“In principle, I am against abortion but I will not block billions of euros in funds for Africa to fight AIDS. I will not block the funds to be like Pharisee… Not even Christ himself would do that. They can say whatever they like. I declared my position against abortion but I will never vote against programmes to help the poor.”

To me that sums up a human rights champion – someone who will not stoop to conquer even at the risk of being vilified and stultified. Voting against that report would have been ludicrous, to say nothing of pathetic – on a par with refusing to give condoms to people infected with AIDS.

National sore points such as these are every Maltese politician’s delight who will infallibly cash in on whatever they can get in the name of Maltese values. I seem to recall a speech Louis Grech gave on that particular trip to Brussels, which struck a chord. He touched upon that nauseatingly irritating Maltese tendency to pick and choose when to be European and when to assume a self-righteous holier than thou veneer, in the name of Maltese values and interests. As if we are the only ones in Europe who have values or at any rate, who have the best values.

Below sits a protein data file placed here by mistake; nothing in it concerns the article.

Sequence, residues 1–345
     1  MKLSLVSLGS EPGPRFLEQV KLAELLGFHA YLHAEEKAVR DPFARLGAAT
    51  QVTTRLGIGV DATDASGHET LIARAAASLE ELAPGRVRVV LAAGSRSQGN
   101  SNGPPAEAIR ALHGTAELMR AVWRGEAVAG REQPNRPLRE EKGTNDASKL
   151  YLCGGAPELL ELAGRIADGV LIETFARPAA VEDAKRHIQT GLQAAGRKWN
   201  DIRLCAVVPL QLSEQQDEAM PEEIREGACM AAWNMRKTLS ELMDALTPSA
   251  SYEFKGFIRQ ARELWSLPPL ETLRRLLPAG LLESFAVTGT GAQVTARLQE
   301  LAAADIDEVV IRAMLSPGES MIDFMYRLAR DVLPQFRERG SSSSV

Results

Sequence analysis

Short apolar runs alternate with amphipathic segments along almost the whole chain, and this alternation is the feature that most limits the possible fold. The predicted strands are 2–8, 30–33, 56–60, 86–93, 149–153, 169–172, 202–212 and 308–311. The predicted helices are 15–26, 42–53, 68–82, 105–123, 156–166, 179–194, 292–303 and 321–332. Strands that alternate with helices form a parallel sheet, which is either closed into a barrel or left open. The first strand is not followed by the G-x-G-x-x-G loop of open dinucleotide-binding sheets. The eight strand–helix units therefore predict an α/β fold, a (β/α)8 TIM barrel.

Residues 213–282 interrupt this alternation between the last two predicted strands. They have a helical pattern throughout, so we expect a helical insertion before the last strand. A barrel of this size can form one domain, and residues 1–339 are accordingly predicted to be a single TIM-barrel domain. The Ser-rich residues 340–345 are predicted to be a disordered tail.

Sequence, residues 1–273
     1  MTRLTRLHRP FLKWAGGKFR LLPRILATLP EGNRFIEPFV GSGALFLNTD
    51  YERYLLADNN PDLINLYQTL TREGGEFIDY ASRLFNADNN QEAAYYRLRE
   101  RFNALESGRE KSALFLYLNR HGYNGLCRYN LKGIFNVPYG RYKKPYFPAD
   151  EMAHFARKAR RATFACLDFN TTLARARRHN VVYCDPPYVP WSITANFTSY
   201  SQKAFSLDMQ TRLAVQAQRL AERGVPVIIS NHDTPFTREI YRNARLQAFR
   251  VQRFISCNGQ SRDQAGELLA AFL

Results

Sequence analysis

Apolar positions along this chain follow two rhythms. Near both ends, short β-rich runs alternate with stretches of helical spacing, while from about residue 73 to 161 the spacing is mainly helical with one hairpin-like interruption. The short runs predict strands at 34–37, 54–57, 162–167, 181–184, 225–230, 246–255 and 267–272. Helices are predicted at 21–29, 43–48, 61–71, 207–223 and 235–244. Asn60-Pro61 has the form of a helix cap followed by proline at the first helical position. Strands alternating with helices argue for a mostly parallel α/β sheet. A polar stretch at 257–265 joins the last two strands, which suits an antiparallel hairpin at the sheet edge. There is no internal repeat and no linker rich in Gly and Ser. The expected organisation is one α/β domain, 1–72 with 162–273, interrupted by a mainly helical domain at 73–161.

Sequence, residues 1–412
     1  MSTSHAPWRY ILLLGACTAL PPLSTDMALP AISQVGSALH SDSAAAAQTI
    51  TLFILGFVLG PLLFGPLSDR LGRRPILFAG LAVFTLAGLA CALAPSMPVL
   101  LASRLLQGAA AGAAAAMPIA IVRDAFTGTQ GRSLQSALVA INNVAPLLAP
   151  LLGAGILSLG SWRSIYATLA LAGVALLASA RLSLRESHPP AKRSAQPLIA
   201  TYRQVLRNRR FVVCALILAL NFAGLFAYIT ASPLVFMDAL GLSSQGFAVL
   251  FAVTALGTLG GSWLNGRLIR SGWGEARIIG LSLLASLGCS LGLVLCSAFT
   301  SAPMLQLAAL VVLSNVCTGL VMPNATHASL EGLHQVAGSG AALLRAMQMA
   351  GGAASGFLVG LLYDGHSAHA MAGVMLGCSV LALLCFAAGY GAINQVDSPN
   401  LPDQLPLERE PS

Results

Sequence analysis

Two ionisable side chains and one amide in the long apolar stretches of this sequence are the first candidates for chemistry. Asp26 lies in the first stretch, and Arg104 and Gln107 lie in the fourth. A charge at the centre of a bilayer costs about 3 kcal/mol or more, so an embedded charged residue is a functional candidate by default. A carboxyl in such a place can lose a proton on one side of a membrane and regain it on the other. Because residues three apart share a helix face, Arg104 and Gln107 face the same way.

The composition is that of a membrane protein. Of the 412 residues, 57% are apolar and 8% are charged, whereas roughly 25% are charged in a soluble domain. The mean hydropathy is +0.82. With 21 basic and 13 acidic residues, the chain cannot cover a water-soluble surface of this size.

You see our politicians have no compunction playing the Europe card when it suits them, when talking about single market strategies, finance and the environment. But notice how we are not allowed to think, let alone talk about euthanasia, abortion, gay rights and divorce without creating a national uproar and being sent to Coventry.

And this was precisely Grech’s point. Being allowed to discuss ideas without fear of an uprisal, being encouraged to think, debate and to change your mind if necessary, without being labelled or targeted is definitely the most European act of them all. It took us 40 years to talk about divorce and look how the Nationalist Party behaved, the same party which supposedly got us into Europe.